Mario Dogliani

The impact of Santi Romano's Ordinamento giuridico on the italian constitutionalism

  • Abstract

Informations and abstract

Keywords: Institutions; Plurality; Legal System; Mutual Relevance; Recognition.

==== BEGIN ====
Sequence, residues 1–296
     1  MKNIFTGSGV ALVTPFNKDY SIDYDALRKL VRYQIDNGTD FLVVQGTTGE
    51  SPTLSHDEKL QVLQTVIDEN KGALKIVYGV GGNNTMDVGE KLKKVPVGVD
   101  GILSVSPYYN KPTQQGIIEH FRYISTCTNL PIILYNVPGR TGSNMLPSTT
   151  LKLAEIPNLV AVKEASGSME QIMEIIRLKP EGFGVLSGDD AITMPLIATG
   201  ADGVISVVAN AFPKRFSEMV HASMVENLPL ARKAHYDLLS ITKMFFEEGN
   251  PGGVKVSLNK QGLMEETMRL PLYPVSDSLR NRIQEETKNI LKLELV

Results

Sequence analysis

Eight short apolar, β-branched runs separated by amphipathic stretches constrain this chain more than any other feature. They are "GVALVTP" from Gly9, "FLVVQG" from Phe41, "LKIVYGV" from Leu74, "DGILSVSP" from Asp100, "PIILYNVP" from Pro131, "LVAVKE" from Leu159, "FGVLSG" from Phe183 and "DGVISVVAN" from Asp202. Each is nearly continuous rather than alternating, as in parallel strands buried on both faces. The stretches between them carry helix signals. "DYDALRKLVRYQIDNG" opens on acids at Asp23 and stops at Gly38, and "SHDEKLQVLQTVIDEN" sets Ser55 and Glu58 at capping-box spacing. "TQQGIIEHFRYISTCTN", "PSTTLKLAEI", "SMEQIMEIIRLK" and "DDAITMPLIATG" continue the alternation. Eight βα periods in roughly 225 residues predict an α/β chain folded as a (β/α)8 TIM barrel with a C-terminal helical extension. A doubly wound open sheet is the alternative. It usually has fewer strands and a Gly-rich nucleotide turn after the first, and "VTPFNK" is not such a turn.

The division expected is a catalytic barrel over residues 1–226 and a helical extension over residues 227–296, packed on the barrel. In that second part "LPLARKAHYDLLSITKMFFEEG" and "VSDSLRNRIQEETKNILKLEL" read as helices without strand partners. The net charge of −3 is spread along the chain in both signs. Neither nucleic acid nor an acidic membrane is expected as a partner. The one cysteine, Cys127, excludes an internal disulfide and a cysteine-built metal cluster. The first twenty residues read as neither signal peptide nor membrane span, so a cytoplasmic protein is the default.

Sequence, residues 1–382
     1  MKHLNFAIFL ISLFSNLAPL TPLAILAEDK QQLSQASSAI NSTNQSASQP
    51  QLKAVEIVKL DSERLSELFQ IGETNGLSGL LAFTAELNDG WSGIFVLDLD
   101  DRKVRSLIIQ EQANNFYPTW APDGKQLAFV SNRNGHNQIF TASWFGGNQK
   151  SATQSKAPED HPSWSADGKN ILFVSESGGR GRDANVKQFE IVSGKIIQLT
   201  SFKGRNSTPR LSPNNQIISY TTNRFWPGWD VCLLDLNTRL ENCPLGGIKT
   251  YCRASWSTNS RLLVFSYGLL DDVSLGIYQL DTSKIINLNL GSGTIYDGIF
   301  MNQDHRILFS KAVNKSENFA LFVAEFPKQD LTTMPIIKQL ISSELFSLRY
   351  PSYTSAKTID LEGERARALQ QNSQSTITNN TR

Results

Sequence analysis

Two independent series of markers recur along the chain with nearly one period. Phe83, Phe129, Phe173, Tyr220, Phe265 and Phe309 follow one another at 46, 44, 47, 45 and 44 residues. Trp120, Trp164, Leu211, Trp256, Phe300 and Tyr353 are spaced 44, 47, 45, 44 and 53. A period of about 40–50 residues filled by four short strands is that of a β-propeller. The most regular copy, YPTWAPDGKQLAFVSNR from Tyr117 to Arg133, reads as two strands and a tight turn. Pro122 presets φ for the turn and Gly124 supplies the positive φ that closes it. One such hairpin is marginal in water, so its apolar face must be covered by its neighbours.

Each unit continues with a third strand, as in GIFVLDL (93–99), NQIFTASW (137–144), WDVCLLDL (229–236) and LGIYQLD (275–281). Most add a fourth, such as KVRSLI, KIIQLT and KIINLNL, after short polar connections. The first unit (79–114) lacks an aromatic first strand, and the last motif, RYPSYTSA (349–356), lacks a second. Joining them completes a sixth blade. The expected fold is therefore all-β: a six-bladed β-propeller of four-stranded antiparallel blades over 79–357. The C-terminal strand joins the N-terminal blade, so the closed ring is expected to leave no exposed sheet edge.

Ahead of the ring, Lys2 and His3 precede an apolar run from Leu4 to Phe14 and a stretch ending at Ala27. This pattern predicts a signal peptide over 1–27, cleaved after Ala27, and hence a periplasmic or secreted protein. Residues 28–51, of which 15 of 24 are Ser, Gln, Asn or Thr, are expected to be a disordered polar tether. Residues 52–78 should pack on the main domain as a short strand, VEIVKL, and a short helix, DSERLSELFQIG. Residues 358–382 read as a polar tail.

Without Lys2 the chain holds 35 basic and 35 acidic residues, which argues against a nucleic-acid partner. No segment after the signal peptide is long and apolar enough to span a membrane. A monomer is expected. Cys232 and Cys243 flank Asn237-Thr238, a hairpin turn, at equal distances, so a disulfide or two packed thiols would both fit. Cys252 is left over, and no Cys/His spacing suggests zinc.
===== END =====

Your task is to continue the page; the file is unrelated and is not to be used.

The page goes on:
The Author's case is that Santi Romano in his "Ordinamento giuridico" did not severe the concept of law from the monopoly of the State. Indeed one thing is to take that the continuity existing among social needs-necessity-institutions-multiple sets of rules leads to a scientific notion of law. And the other is to take that these sets of rules - be embryonic or consolidated - are mutually open, i.e. that the force of the formers stands as such also in the latters. This issue is particularly topical because of the increasing strength of various movements - that Santi Romano would consider as institutions - including those in favor of "no vax" , "Di Bella therapy", "stamina therapy", euthanasia and surrogate motherhood. It is a matter of fact that all these movements are used to apply rules they would like be as a part of State legal order. The issue is raised by the fact that if it is true that in Santi Romano understanding the State has the authority to deny relevance to those sets of rules - which are other from itself - e.g. those rules established by mafia -, this does not impede that from a scientific point of view these latters keep their nature of law. In the meantime it was Santi Romano who - just in a note he added to the edition of his "Ordinamento giuridico" issued in 1946 - wrote precisely that rules which belong to an order that is other from the State one may be applicable within this just under the condition that the State itself acknowledge them explicitly. This means that the objective and scientific nature of whatever rule is not enough granting it a legal status.

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